PROMOTING ACCESS TO AFRICAN RESEARCH

African Journal of Clinical and Experimental Microbiology

Log in or Register to get access to full text downloads.

Remember me or Register



Co-infection of Parvovirus B19 and Plasmodium falciparum among Sickle Cell Disease patients in Benin City, Nigeria

I.M. Moses-Otutu, R.O. Okojie, F.O. Akinbo, N.O. Eghafona

Abstract


Background: Infections by parasites, bacteria, viruses such as human parvovirus B19 amongst others, have been widely reported as contributing to high prevalence of anaemia in many populations. This study was conducted to determine the co-infection of Plasmodium falciparum and human parvovirus B19 among sickle cell disease (SCD) patients in Benin City, Edo State, Nigeria.

Methodology: A total of 400 participants consisting 300 SCD patients (134 males, 166 females) and 100 (38 males, 62 females) apparently healthy subjects with haemoglobin AA (which served as control) who were contacted in homes, schools and offices, were enrolled for the study. The age of the participants ranged from 1 to 54 years. Venous blood was collected for detection of P. falciparum using Giemsa stain while parvovirus B19 was detected with enzyme linked immunosorbent assay (ELISA). Full blood count was estimated using Sysmex KX-21N haematology auto-analyzer.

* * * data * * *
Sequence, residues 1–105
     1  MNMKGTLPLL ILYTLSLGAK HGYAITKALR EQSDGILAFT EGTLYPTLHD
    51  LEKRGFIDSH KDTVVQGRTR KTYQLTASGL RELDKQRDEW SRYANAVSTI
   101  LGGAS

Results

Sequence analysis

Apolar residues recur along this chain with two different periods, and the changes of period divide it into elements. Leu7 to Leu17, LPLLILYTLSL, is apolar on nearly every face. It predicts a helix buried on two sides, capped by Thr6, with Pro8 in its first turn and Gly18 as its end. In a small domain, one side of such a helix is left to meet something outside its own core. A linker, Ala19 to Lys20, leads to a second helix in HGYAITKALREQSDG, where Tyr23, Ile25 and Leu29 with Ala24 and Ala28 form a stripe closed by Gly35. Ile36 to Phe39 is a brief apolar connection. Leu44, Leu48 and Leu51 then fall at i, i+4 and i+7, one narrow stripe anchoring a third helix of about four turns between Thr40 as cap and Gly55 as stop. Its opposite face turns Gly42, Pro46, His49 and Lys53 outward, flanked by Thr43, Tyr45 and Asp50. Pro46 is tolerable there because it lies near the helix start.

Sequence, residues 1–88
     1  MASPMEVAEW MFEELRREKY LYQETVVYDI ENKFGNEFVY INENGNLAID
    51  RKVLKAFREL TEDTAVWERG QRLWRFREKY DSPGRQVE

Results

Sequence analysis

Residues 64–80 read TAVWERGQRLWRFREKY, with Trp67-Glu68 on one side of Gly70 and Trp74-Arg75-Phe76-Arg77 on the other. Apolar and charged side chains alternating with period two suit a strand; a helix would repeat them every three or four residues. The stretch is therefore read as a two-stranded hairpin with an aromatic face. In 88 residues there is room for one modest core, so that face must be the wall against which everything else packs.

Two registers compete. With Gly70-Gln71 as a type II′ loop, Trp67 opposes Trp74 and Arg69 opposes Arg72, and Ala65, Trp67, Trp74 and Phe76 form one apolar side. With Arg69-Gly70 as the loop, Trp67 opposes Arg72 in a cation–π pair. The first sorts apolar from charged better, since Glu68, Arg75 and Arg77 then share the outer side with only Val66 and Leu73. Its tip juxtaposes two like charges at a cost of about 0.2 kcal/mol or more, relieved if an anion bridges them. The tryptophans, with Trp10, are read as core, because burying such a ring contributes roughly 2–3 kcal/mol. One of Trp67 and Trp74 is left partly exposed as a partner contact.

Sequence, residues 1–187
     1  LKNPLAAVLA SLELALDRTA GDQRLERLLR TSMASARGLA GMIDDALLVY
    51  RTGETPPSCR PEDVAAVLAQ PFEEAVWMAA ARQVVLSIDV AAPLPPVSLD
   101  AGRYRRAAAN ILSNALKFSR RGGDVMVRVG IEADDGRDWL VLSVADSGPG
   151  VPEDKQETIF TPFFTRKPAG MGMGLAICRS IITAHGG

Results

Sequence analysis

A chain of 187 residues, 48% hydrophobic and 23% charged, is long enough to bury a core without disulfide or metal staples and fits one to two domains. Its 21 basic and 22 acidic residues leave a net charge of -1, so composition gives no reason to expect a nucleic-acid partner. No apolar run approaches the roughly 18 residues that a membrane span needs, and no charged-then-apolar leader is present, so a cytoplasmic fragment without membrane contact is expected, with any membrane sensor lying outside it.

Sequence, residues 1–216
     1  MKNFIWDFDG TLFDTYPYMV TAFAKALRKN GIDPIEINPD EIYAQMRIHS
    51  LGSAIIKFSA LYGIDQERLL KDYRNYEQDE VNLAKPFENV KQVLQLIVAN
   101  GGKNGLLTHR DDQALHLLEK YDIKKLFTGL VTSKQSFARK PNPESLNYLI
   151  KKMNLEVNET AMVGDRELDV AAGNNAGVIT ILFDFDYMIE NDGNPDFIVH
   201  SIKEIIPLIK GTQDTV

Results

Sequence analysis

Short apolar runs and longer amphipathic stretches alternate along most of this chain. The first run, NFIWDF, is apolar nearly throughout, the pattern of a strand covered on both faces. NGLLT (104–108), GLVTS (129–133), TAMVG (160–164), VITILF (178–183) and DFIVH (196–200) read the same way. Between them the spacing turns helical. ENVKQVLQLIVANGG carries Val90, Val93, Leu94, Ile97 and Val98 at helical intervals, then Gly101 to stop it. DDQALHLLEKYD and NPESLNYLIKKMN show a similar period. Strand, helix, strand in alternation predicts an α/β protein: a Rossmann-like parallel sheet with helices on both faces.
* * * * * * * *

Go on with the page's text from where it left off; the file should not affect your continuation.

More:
Results: An overall prevalence of parvovirus B19 and P. falciparum co-infection observed among SCD patients in this study was 3.0% while single infection was 14.0% for P. falciparum and 26.7% for parvovirus B19. Religion was associated with 0 to 22 fold increased risk of acquiring co-infection of P. falciparum and parvovirus B19. Gender was significantly associated with P. falciparum infection (p=0.0291) while tribal extraction, platelet index and seasonal variation were significantly associated with single parvovirus B19 or co-infection of P. falciparum and parvovirus B19 (p<0.05).

Conclusion: The provision of strict regulatory policy concerning the screening of whole blood or pooled plasma before the use of blood products and transfusion of SCD patients is advocated.

Keywords: parvovirus B19, Benin City, P. falciparum, sickle cell disease




AJOL African Journals Online